Reactor Safety Commission (RSK)

The RSK advises the Federal Ministry for the Environment, Nature Conservation and Nuclear Safety (BMU) in safety-related matters and thus matters concerning the physical protection of nuclear installations and radioactive waste management.* Further information on consultations and the topics dealt with are given in Chapter IV. Processes - 11. Consultations of the Reactor Safety Commission (RSK) and handling of the results (on page 75) of the Manual on cooperation between the Federation and the Länder in atomic law. Click here for the document (in German).

Since 1958, the RSK has been performing this advisory work for the federal ministry responsible for the safety of nuclear installations and radiation protection (since 2018 the BMU, formerly the Federal Ministry for the Environment, Nature Conservation, Building and Nuclear Safety (2013-2018), the Federal Ministry for the Environment, Nature Conservation and Nuclear Safety (1986-2013), the Federal Ministry of the Interior (1972-1986), the Federal Ministry for Education and Science (1969-1972), the Federal Ministry of Scientific Research (1962-1969), the Federal Ministry of Nuclear Energy and Water (1958-1962)).

Current activities


* With the establishment of the NUCLEAR WASTE MANAGEMENT COMMISSION (Entsorgungskommission - ESK) at the BMU on 12.06.2008 and its first meeting on 30.06.2008, radioactive waste management has become a topic of consultations of the ESK (www.entsorgungskommission.de); the RSK Committee on FUEL SUPPLY AND WASTE MANAGEMENT (VE) ceased to exist.

 

Frequently Asked Questions (FAQ)

What is the RSK?

The Nuclear Reactor Safety Commission (RSK) advises the Federal Ministry for the Environment, Nature Conservation and Nuclear Safety (BMU) in technical/scientific safety-related issues and associated matters concerning the physical protection of nuclear installations. It does not propose any political decisions. RSK membership is a personal honorary office. RSK members are not bound by directives of the BMU or any other institution.

How is the RSK composed?

RSK members are appointed by the BMU. The RSK is a pluralistic body, which means that its members represent a large bandwidth of opinions in the area of their tasks in order to ensure that the advice given to the BMU is based on expert knowledge as well as being comprehensive and objective. In their discussions, the members of the RSK respect differing expert views.

How does the RSK work?

The RSK receives advisory requests with concrete issues from the BMU, but it may also discuss problems on its own initiative. As a result of the confidential discussions, comments, recommendations or guidelines are adopted that are presented to the BMU and published on the RSK homepage. Any adoption requires the majority of the appointed members. Dissenting opinions of members may be added to the statements in writing.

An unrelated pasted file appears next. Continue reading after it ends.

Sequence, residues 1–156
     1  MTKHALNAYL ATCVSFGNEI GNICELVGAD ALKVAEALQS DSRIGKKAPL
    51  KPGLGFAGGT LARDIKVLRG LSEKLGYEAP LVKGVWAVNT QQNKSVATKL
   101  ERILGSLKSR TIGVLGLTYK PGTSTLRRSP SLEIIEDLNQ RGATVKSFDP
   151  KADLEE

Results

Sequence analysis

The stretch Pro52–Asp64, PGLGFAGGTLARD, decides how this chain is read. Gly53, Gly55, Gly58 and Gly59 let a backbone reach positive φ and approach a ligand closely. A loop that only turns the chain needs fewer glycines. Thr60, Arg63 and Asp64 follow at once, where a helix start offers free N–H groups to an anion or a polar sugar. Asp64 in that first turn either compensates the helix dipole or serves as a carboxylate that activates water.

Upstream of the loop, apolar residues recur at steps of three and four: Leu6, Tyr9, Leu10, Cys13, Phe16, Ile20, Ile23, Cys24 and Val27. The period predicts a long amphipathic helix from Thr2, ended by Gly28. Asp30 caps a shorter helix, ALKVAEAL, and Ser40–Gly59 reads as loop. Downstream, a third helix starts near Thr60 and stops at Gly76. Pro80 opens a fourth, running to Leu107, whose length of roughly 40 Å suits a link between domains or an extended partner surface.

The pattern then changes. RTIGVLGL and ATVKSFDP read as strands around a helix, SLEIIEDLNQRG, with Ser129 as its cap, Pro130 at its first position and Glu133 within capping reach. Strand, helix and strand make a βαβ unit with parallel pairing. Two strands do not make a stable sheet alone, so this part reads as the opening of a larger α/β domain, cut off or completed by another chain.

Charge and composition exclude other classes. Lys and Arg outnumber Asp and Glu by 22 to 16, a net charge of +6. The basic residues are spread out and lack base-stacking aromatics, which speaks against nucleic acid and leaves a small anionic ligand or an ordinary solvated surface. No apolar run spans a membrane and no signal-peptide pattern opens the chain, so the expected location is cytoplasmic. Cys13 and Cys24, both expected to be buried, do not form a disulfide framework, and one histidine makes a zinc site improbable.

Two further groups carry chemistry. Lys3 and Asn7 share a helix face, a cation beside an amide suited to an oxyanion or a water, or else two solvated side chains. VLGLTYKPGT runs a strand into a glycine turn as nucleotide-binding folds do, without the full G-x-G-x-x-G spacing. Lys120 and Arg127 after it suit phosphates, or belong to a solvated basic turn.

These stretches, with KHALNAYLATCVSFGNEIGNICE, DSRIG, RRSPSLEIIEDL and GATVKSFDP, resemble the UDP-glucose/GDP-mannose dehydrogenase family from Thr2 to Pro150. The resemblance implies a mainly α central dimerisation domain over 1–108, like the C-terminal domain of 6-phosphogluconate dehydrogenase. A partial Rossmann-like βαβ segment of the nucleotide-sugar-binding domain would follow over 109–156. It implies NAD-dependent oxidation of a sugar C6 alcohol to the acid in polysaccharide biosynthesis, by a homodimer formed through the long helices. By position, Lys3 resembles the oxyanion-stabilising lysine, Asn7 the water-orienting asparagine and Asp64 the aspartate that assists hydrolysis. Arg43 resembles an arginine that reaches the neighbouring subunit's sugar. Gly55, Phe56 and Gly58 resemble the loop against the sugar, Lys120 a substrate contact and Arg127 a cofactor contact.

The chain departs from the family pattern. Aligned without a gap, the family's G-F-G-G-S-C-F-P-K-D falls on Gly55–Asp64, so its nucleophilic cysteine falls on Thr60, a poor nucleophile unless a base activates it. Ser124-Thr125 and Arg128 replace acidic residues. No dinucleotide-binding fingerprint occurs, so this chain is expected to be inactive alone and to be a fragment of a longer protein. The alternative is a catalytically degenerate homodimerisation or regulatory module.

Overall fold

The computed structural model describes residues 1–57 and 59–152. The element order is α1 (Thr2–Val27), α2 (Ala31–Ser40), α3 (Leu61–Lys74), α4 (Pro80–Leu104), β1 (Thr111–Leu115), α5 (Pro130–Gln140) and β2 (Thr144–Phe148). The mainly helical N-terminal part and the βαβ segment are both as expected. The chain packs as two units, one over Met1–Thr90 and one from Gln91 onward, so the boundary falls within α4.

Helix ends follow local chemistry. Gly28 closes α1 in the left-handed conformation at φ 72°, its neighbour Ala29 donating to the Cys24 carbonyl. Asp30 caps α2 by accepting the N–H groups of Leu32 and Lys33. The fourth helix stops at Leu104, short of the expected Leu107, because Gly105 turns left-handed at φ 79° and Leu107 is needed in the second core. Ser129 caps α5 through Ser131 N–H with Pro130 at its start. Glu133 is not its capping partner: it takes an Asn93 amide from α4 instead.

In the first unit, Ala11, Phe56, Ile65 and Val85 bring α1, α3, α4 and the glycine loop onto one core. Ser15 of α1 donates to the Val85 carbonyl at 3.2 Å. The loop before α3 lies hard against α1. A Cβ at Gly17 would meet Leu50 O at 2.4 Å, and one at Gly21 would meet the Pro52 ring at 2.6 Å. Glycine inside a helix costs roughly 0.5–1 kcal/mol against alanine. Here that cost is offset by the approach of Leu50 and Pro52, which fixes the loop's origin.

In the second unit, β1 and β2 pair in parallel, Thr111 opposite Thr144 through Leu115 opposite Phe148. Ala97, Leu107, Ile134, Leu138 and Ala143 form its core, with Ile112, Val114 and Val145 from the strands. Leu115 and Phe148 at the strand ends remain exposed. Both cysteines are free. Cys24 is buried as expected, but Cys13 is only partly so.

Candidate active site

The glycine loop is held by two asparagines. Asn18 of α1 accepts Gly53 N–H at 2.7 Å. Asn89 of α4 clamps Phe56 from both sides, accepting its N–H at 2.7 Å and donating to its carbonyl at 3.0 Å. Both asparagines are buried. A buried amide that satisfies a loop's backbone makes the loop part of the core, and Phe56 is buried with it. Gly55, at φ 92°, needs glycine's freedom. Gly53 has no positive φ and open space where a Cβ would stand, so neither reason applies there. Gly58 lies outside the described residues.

How does the RSK handle conflicting interests of RSK members?

A member of the RSK is excluded from the discussion if
1. he/she is involved in a licensing or supervisory procedure that is the object of the discussion of the RSK, or
2. he/she is in paid employment at or is a member of the executive board, the board of directors or an equivalent organ of an organisation involved in a licensing or supervisory procedure (this does not apply to employment at a public-law institution), or
3. he/she has given an expert opinion for, provided advice to or acted in any other way on behalf of the applicant or anyone subjected to a supervisory measure on the matter that is to be discussed by the Commission.

The Commission decides in the absence of the member to be excluded about his/her exclusion. The member excluded is excluded from the discussion and decision-making, but may be heard during the meeting.

Who pays for the RSK and what are payments for?

As holders of an honorary office, the RSK members do not receive any remuneration. Travel expenses are reimbursed in line with the German Federal Travel Expenses Act, and an allowance of 30 € per meeting is paid. If discussions require special technical preparation, a fee of 40.90 €/h is paid upon application. These costs are borne by the BMU.

Why are the discussions of the RSK not public?

The discussions are not held in public to guarantee the independence of the Commission. This way, the members of the RSK enjoy protection regarding the media as well as their employers. The members are obliged to keep the confidentiality of the discussions.